Thought Leadership Interview: Craig Rosenberg Offers 3 Tips for Marketing Automation Success

Craig Rosenberg - The Funnelholic

Craig Rosenberg’s chapter in the The Quintessential Marketing Automation Guidebook, Marketing Automation: People, Process & Content: The Keys to Success with Marketing Automation Technology, provides some in-depth observations and advice about what needs to be considered for each of the three components. His take inspired some questions, so I followed up to get the answers for you.

CD: You used an example in your chapter about the company that was getting zero payback from their marketing automation system, and how that changed dramatically when the person was assigned full-time to run the system. In your experience, what capabilities are most overlooked when marketing automation doesn’t have a full-time person assigned to manage it?

CR: I think a lot of companies can get emails sent out of their marketing automation without a dedicated person, but they’ll miss out on ALL the capabilities available in these systems.  So if you’re using marketing automation just for bulk email, you should just use an email application instead.  With a “system owner,” he or she should be watching how all the moving parts are working, launching new capabilities, and optimizing various parts of the lead management cycle.  Committing to marketing automation should be a commitment to a lead management process, someone has to watch to make sure the “machinery” is working but more importantly you can’t be dynamic or try new things with your marketing automation without someone owning the system for you.

By the way, here are the typical scenarios I see when organizations fail to assign a “system owner” and the marketing automation is either under-utilized or fails to achieve ROI:

  • Earnest marketing person who buys into the idea of marketing automation, purchases the system, and is totally overwhelmed by having to do his/her job and run the system.
  • Executive who buys the system but doesn’t have someone designated to run the marketing automation system.

Here is what the approach to Marketing automation should look like:

  1. Define Lead Management Process
  2. Hire/assign system owner
  3. Create requirements to support your process
  4. Compare vendors
  5. Choose software
  6. Implementation led by “system owner”
  7. Optimization led by “system owner”
  8. New feature launch led by “system owner”
  9. Marketing Automation works, ROI is within reach

CD: Your descriptions of the roles of the system owner and lead qualifier are excellent. In a world of constrained budgets, it’s often a challenge just to get the software. How do you suggest building a business case to justify the head count? Should this be done prior to acquiring the technology?

CR: You should have your business case built before buying the technology.  You should have your lead management process mapped out first, then you should assign resources (people and technology) to the components (for example, lead qualification, scoring, etc) in the process.  The lead management design should also represent the metrics needed to achieve ROI.  With regards to headcount, on paper it will look like you are just adding cost to the process, but that’s just on paper.  If you want the lead management process/marketing automation roll-out to work AT ALL, you will need those roles filled. I know budgets are constrained, but if you are serious about making lead management work, the people are not “nice-to-haves”, they are “must-haves.”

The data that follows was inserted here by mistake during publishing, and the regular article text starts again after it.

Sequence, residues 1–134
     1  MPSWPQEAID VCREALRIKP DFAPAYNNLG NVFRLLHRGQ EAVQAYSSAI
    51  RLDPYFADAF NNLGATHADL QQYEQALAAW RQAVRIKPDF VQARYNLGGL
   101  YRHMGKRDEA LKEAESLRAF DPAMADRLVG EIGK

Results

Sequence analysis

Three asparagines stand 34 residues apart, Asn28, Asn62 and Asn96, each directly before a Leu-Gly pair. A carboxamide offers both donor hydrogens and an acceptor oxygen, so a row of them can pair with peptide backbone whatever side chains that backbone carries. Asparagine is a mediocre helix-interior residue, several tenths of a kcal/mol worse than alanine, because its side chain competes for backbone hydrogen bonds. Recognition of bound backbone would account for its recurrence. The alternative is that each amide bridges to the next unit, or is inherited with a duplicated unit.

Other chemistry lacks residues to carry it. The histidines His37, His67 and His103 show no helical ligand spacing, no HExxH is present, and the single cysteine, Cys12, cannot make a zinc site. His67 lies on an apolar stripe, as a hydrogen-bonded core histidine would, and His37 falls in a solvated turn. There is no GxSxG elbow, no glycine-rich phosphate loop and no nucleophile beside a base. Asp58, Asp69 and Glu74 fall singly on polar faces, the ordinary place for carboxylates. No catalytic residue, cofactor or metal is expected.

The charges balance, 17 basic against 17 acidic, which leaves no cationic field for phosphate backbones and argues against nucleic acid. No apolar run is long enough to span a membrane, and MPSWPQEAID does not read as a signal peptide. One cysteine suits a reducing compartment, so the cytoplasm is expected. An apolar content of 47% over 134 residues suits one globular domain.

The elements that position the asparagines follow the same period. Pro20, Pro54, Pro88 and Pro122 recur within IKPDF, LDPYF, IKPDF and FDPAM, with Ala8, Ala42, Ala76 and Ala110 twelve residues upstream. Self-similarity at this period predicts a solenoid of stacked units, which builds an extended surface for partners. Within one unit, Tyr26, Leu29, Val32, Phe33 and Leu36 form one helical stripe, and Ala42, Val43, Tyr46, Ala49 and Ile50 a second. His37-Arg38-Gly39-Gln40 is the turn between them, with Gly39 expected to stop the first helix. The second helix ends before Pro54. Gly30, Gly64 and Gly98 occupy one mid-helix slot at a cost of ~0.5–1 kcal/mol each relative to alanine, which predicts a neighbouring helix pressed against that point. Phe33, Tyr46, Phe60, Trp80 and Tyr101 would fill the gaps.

Also, as you build your business case, you should really study some real case studies and try to talk to the people that run well-oiled lead management/marketing automation machines.  NOT just customer references, but anybody who has set up and run successful implementations and systems.  Don’t worry if they are using different vendors than you are.

CD: In regards to metrics, you said, “If you have no baseline, that is okay as you can start with baseline metrics from other like companies.” Can you give our readers some pointers on where they’d find this information and what specific things they should look for to ensure they’re on the right track?

CR: There are number of ways to find this information:

SiriusDecisions (http://www.siriusdecisions.com/) - They have sample metrics across the entire lead management process that can be really helpful.  Also, they can give you best practices from comparable organizations.

B2B social media sites like linkedin and Focus.com – I get a lot of my own data from these types of sites.  Post a question about metrics and you will likely get some great data or at least a referral to someone who can help.

Peers – You should be involved with marketing communities or peer groups you can turn to for help.  Linkedin messages is a good way to ask for help, send a message to your peers, and you will typically get a recommendation

Blogs/Experts – Marketing has one advantage to everyone else, there’s tons of content.   You will probably find the content on some of the top b2b marketing/demand generation expert blogs, if you don’t, email the author.  The experts who write these blogs know a lot of people to refer you to if they can’t answer it.

Craig Rosenberg is the VP of Products and Services for Focus. He’s also the author of The Funnelholic blog.